Wednesday, 11 March 2020 19:54

Kids Safety When Going To and From School

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Unfortunately, too many kids are not getting to school and back safety. Here are helpful tips to teach your child personal safety to and from school.

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Walking and bike riding are healthy ways to get to and from school.  Skipping the school drop-off traffic for more active commutes can contribute to the recommended 60 minutes of physical activity kids need each day. Trips powered by feet, rather than vehicles, also can help reduce pollution, which can trigger breathing problems in children, and make neighborhoods friendlier places.

Here’s what parents need to know to keep kids safe as they walk or bike to school.

Walking to School

Is my child ready to walk to school alone? 

Children usually aren’t ready to start walking to school without an adult until about fifth grade, or around age 10. Younger children are more impulsive and less cautious around traffic, and they often don’t fully understand other potential dangers they could come across.

By walking with your children to and from school, you can familiarize them with the neighborhood, teach them about traffic signs, street signs and directions, and model correct behaviors when crossing streets. It’s also a great opportunity for some chat time with your kids.

Keep these tips in mind when walking with your child to and from school: 

  • When crossing streets, hold your child’s hand and always observe the traffic safety laws.

  • Observe all traffic signals and let the school crossing guard help you.

  • Be sure to look all ways before crossing the street, and continue to watch for vehicles. Remind children drivers may not always see them.

  • Consider starting a walking school bus by inviting families in your neighborhood to walk children to school together as a group. Adults may take turns walking with the group, so make sure each child knows the adults in their walking group.

Tweens and teens: Walking to school safely

Children are each different, so consider their individual developmental and maturity level when deciding if it is safe for them to walk to school without an adult. Some children may not have the skills to focus on safe pedestrian behavior until they are 10 or older.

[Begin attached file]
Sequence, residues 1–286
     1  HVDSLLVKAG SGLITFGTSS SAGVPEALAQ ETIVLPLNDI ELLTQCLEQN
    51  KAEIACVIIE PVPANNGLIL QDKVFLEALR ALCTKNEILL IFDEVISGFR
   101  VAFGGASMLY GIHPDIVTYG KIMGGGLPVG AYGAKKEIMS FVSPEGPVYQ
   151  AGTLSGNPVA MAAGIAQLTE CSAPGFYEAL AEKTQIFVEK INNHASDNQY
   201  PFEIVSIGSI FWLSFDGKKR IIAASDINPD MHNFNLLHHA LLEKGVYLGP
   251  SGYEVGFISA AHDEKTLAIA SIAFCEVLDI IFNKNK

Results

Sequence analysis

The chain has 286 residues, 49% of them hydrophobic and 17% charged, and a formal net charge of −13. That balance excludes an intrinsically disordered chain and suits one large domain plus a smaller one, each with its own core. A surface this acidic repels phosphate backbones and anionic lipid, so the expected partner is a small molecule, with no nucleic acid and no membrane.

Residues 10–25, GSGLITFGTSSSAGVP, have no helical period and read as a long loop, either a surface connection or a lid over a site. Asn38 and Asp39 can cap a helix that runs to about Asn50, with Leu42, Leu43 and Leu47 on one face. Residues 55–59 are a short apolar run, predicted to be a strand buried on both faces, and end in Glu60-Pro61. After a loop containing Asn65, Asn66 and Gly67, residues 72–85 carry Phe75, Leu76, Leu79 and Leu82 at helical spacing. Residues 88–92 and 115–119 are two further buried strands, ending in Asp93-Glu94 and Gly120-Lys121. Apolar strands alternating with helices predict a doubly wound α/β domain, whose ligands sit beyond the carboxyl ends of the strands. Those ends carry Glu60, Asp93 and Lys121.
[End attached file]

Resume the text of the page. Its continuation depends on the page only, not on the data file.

For students walking to school without an adult, some points to consider:

  • Make sure they stick to a safe route to school, one with well-trained adult crossing guards at every intersection.

  • If they need to cross any streets on the way to school, practice safe street crossing with them before the start of school.

  • Ideally, they should walk with at least one neighbor child or older sibling.

  • Make sure they know how to say “no” if someone they don’t know offers a ride, and that they yell and run for help if needed.

  • Explain to them that it is not safe to use a cell phone or text while walking, which makes them less aware of traffic.

  • Choose brightly colored backpacks, jackets and other accessories, ideally with reflective materials for days when it begins to get dark earlier.

Biking to School

Bike riding is also a great way to get to and from school, when children are ready. Remember kids need to learn to be safe pedestrians before they can be safe bicyclists. 

Once they’re ready to roll, here are some basic bike safety steps to help keep them safe:

  • Rules of the Road. All bicycle riders should follow the basic rules of the road, which also apply to skateboards, scooters and other non-motorized vehicles: 

    - Ride on the right, in the same direction as traffic using bike lanes when available.
    - Stop and look both ways before entering the street.
    - Stop at all intersections, whether marked or unmarked.
    - Respect traffic lights and stop signs.
    - Before turning, use hand signals and look in every direction.